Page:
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Anthony Foxx

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Anthony Foxx
17th United States Secretary of Transportation
In office
July 2, 2013 – January 20, 2017
PresidentBarack Obama
DeputyJohn Porcari
Victor Mendez
Preceded byRay LaHood
Succeeded byElaine Chao
54th Mayor of Charlotte
In office
December 7, 2009 – July 1, 2013
Preceded byPat McCrory
Succeeded byPatsy Kinsey
Personal details
Anthony Renard Foxx

(1971-04-30) April 30, 1971 (age 53)
Charlotte, North Carolina, U.S.
Political partyDemocratic
Samara Ryder
(m. 2001)
EducationDavidson College (BA)
New York University (JD)

Anthony Renard Foxx (born April 30, 1971) is an American lawyer and politician who served as the United States Secretary of Transportation from 2013 to 2017. A member of the Democratic Party, Foxx had previously served as Mayor of Charlotte, North Carolina from 2009 to 2013.[1] First elected to the Charlotte City Council in 2005, his 2009 mayoral victory made him the youngest person to serve as Charlotte's mayor, as well as the second African American to hold the role.[2]

Foxx was nominated to the position of Secretary of Transportation by President Barack Obama in April 2013.[3][4] He went on to be confirmed in a 100–0 vote in June 2013.[5][6] Upon taking office, he became the youngest Cabinet secretary serving at the time.[7] After leaving office, Foxx joined rideshare company Lyft as chief policy officer in 2018.[8] Foxx left his role as chief policy officer in October 2021, but continued to serve as an advisor to the company.[9]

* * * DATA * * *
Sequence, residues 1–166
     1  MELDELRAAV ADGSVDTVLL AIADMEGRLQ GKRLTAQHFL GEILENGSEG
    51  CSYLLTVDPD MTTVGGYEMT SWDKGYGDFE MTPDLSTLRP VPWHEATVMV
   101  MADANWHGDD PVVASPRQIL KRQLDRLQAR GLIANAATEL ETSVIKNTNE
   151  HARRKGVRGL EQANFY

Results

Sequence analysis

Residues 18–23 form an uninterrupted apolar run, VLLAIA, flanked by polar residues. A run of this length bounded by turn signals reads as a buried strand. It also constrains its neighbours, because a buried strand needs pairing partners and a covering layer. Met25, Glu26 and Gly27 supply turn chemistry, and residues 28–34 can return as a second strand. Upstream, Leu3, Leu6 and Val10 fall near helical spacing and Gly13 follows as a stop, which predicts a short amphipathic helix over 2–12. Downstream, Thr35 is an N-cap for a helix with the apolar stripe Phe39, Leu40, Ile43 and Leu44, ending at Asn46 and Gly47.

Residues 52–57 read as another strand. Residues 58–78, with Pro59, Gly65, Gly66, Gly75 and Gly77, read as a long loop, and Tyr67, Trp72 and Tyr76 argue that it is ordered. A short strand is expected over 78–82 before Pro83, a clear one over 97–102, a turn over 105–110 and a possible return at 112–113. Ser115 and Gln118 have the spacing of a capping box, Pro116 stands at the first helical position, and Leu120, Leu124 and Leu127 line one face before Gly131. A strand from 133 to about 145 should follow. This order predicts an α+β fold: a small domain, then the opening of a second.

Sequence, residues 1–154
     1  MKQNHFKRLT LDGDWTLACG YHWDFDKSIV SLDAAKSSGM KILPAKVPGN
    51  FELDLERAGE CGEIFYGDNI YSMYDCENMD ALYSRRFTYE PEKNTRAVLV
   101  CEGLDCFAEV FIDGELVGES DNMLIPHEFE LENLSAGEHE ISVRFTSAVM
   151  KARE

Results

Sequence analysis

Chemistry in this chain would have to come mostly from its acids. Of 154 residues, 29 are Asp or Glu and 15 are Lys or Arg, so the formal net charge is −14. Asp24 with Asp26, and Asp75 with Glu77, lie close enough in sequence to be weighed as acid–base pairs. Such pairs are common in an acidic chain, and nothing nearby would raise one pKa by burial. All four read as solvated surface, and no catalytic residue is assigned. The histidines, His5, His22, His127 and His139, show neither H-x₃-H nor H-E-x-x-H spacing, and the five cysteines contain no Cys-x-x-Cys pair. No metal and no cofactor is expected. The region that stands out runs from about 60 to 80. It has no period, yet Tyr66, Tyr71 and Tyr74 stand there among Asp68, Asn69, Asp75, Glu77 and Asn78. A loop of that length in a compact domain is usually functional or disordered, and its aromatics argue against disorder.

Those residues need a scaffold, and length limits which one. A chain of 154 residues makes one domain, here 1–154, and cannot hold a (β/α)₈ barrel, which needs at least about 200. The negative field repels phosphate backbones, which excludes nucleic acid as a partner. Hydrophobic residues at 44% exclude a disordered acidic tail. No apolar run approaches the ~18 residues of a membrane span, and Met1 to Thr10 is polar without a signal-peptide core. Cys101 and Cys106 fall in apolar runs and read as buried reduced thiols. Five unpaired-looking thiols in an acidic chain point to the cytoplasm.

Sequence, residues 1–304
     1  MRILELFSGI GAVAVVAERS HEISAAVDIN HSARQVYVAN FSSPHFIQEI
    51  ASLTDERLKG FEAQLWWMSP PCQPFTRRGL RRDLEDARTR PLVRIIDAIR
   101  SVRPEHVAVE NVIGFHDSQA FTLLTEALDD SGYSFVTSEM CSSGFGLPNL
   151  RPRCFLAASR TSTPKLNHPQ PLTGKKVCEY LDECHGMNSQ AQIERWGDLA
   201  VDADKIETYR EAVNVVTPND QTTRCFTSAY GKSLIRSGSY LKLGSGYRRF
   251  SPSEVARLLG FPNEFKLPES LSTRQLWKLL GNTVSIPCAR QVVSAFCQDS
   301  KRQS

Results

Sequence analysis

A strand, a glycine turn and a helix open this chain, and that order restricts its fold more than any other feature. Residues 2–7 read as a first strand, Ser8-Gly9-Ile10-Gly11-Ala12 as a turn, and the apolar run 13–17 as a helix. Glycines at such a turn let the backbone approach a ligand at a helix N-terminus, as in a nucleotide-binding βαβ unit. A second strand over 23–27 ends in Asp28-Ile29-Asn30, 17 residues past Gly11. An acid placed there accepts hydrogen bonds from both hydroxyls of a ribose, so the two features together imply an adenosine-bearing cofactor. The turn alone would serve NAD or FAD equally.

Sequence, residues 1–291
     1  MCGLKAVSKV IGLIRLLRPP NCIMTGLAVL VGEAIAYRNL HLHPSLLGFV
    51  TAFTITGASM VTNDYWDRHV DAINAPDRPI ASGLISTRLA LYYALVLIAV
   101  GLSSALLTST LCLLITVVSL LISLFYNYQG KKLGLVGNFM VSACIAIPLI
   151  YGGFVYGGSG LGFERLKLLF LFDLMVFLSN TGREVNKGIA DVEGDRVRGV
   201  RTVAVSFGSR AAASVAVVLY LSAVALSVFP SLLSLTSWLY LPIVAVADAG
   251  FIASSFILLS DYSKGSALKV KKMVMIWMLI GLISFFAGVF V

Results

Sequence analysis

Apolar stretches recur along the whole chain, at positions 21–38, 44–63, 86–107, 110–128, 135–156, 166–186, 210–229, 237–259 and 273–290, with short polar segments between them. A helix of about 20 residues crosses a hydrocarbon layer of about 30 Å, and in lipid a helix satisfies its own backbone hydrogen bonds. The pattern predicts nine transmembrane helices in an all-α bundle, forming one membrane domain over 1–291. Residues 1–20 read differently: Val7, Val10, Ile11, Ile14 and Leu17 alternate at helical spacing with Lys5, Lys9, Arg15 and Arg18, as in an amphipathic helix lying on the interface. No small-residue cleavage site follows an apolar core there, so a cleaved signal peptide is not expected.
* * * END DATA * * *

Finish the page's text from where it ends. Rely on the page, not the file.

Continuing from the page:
Early life[edit]

Foxx was born on April 30, 1971, in Charlotte, North Carolina.[10] He was raised by his mother, Laura Foxx, and his grandparents, James and Mary Foxx,[11] pursued education at Piedmont Open IB Middle School, and graduated from West Charlotte High School.[1][12] He graduated from Davidson College, where he was the first African American student body president,[13] in 1993. Foxx majored in history,[14] and went on to earn a J.D. from New York University School of Law in 1996.[12][14]

Legal career[edit]

After law school, Foxx returned to Charlotte to work for a short time at the Smith, Helms, Mullis, and Moore law firm, and left to become a clerk for Judge Nathaniel R. Jones of the Sixth Circuit Court of Appeals in Cincinnati. Later he worked for the United States Department of Justice and the United States House of Representatives Judiciary Committee.[12] In 2004, he was the campaign manager for Representative Mel Watt.[13]